LAND on which Tesco proposals for a superstore were rejected is potentially suitable for housing, a public inquiry heard.
The retail giant is appealing Sheffield Council’s decision to reject its plans for land near Ox Hill, Halfway, last year.
The authority said the land is required for homes supply over the next five years.
Yesterday, the final day of the inquiry, planning advice expert Christopher Hough, lead consultant on Tesco’s planning application, was cross-examined by the council’s barrister Jonathan Easton.
He admitted the site, owned by Hallam Land Management Ltd, was potentially suitable for both retail and housing uses.
Mr Hough said: “This is a suitable site for retail and suitable land for housing.
“It would be more suitable for retail because of the improvements to public transport but certainly they both cross the threshold of suitability.”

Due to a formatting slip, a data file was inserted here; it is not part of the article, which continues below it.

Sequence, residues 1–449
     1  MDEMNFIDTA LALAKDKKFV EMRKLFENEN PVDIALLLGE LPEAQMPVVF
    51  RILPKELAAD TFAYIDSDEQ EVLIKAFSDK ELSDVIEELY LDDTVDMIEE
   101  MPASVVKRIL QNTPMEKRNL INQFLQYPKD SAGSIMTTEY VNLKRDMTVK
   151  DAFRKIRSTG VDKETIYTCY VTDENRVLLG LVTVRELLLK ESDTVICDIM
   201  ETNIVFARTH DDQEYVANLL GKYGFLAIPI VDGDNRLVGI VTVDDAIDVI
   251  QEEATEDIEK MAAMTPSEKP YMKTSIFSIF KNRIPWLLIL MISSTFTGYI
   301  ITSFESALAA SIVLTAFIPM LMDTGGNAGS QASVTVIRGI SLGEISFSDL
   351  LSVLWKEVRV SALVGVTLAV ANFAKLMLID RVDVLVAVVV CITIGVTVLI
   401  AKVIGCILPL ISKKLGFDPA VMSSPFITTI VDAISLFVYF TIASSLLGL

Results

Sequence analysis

In Mr Hough’s written proof, however, he said the ‘council’s suggestion that the site should be safeguarded because it has potential as a future housing site is inappropriate, highly uncertain and such a use would not deliver the planning benefits or contribution to the Government’s economic growth agenda to the same degree’.
In questioning, he added there was ‘far greater certainty’ that the retail scheme would boost the economy than any potential housing.
The inquiry ended yesterday after parties including planning inspector Laura Graham visited the site. The hearing originally began in November but had been adjourned.
It has heard from Tesco, which says its scheme would create 450 jobs and give more choice to shoppers.
Concerns that the store would have an impact on nearby shopping centres at Killamarsh and Eckington have also been raised and refuted.
Asda has objected to the scheme as it has its own plans for a store near Crystal Peaks.
A decision on the plan is expected in about six weeks.